However, my problems with the movie outweigh its appealing aspects greatly. The humor is uneven and often just doesn’t work, the female characters are treated as nothing but sex objects and there’s even a gay vampire who is feared more for his sexuality than the fact that he’s a blood-sucking fiend.

I could go on about what doesn’t work about this movie but I honestly don’t want to expound the effort on a film I will never watch again – except for maybe a YouTube clip of Alfred’s run around the castle, as you can see below (starting at 3:50).

I am aware that many people love this film and find it hilarious. Like I said before, humor is subjective and if you can get past the blatant sexism and mild homophobia, be my guest and check it out.

How to Make A Monster (1958)

How to Make a Monster (1958)This movie was picked out by the husband this time and while it wasn’t great, it certainly was different.

An early example of ‘meta’ plot lines, this movie revolves around Pete Dumond (Robert H. Harris) the monster make-up artist working at American International pictures (an actual company). New management has come in and informs our ‘hero’ that his services will no longer be needed after his current Teenage Werewolf Meets Teenage Frankenstein picture.

Instead of moving into a different area of make-up or finding a job elsewhere (I guess if he can’t work at American International, he’d rather not work at all) he decides to take out the men who robbed him of his life’s work.

Using a special make-up formula, Pete brainwashes his teen monster stars into doing his dirty work for him. In full Werewolf and Frankenstein’s Monster makeup they attack and kill the new studio heads, exacting Pete’s revenge.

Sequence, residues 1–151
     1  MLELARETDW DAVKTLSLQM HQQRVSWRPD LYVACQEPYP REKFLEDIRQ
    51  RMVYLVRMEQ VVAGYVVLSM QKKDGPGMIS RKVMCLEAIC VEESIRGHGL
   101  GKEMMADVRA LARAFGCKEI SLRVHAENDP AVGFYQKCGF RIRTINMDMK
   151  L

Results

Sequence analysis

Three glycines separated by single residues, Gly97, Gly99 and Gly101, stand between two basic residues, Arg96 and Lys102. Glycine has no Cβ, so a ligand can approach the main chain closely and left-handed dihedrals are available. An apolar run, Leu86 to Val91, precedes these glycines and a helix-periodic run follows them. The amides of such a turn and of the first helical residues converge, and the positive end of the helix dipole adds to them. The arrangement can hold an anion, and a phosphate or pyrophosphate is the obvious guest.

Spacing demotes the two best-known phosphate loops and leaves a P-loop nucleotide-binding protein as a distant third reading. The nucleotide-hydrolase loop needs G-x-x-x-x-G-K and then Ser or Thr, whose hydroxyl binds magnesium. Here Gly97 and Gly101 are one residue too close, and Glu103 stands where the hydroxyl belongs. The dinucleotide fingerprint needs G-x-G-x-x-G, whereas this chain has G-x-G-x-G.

In the end Pete decides that he has to take out all of his accomplices, including the two clueless teens, but while trying to do so, ends up burning all of his ‘children’ along with himself.


While the dialogue in this film is very affected and stiff, the plotline is certainly quite original and Robert H. Harris plays Pete chillingly well. In the beginning he is portrayed as a sympathetic man, a man to admire and trust, especially since he’s ‘down’ with modern youth. As this film was aimed at a teenage audience, this was no doubt intended to ingratiate the character on the viewers.

But even in his ‘aren’t teenagers great?’ speech, there’s already a bit of creepiness there. He repeats several times about how he likes to put his hands on the teenagers and how accommodating they are – not like those crotchety old ‘adults’ who care more about their image than their performances.

I don’t know about you, but I’ve always found the exact opposite to be true, but I digress.

As the film progresses and as Pete plots his next murder by proxy, he gets creepier and creepier until by the end, he’s a full-blown nut-bag showing off his ‘children’ of monster make-up masks – masks who, as they are burning, are revealed to have actual skulls beneath them making the viewer realize that Pete lost it WAY before American International was taken over by monster-hating adults.